Mum Emma uses fun to teach

Rutherglen Reformer - - Intimations -

Emma Park has two chil­dren, Au­tumn and Eve. Au­tumn has just started school. Emma un­der­stands the ben­e­fits of in­clud­ing learn­ing ac­tiv­i­ties in their day to day rou­tine but also notes it is not al­ways straight­for­ward to get your child learn­ing.

She says: “Af­ter drag­ging my eldest out of bed, we gen­er­ally hurry the chil­dren along at ev­ery step of the way to get to the school gates be­fore the bell goes. In­evitably we hear the bell when around the cor­ner.

“We spend our school run dis­cussing the day ahead and what’s for lunch, which is usu­ally of most im­por­tance.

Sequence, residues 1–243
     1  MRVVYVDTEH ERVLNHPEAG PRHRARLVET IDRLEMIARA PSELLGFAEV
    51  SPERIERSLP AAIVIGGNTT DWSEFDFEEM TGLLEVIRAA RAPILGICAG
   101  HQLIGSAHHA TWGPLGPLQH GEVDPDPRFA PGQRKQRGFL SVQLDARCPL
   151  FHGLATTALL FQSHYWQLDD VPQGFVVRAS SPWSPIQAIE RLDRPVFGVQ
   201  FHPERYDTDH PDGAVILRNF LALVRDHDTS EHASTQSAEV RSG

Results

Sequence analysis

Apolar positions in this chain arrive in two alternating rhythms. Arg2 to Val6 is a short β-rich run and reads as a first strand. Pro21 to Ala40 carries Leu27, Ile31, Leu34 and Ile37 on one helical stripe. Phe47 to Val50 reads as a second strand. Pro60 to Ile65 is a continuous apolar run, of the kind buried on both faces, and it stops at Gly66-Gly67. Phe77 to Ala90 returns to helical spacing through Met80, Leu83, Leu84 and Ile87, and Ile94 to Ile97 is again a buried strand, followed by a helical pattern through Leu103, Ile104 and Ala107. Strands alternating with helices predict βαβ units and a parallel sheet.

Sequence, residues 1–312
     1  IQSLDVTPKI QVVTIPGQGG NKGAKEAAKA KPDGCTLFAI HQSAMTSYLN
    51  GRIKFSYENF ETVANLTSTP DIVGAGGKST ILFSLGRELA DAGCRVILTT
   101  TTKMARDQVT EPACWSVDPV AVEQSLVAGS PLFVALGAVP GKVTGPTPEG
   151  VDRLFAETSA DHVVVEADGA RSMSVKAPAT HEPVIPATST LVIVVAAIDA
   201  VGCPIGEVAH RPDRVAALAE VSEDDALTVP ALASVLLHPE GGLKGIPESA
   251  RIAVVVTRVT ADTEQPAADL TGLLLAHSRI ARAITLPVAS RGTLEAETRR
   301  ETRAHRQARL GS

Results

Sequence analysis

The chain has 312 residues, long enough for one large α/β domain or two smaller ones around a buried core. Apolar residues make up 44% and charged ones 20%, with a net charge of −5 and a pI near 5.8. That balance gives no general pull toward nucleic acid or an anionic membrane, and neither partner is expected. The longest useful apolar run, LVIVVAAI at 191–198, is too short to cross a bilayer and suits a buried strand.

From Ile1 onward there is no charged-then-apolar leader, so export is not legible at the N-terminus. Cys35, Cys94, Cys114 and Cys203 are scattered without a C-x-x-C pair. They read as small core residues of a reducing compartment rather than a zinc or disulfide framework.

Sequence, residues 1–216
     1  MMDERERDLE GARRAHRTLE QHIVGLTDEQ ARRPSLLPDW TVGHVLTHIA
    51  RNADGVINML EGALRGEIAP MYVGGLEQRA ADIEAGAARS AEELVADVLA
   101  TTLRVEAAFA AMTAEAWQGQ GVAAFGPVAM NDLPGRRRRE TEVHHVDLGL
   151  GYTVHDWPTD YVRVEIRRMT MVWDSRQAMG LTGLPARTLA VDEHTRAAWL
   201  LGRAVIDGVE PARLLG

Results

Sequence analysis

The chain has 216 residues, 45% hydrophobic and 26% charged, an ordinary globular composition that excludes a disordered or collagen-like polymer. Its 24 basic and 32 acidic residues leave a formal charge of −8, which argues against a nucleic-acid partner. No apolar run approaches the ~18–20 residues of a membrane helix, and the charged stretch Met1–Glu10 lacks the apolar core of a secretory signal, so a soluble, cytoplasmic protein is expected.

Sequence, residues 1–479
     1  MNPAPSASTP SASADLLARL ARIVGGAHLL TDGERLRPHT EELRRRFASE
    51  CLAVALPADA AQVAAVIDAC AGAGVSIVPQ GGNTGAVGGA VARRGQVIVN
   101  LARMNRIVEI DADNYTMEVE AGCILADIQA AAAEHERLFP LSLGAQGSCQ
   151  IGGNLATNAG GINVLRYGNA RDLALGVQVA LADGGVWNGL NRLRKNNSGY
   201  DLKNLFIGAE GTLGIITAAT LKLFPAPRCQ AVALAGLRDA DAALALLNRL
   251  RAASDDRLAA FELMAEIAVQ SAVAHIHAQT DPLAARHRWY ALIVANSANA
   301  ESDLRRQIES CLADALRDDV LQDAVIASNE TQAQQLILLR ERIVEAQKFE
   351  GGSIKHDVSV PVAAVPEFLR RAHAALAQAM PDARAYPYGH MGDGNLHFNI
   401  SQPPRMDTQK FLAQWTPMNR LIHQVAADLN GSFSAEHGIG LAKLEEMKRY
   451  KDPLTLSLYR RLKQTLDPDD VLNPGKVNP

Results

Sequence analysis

“Telling the time and check­ing the clock be­fore we leave for school, at teatime and at bed­time is a new part of our rou­tine as our daugh­ter has taken a greater in­ter­est in this. I think it’s im­por­tant to fol­low the child’s thirst for learn­ing, en­cour­age and de­velop their nat­u­ral in­trigue and de­sire in daily ac­tiv­i­ties from read­ing signs to count­ing pass­ing cars and trac­tors!

“Af­ter a long day at school it can be dif­fi­cult to en­gage in any form of learn­ing as they are tired and a lit­tle stroppy.

“So we try to make learn­ing fun, as well as ed­u­ca­tional but it can be a chal­lenge. We of­ten get the chil­dren in­volved with din­ner, hav­ing them count the veg as we chop it or hav­ing them set the ta­ble and count the cut­lery – although some­times it sounds eas­ier than it is.

“It’s good to help them learn.”

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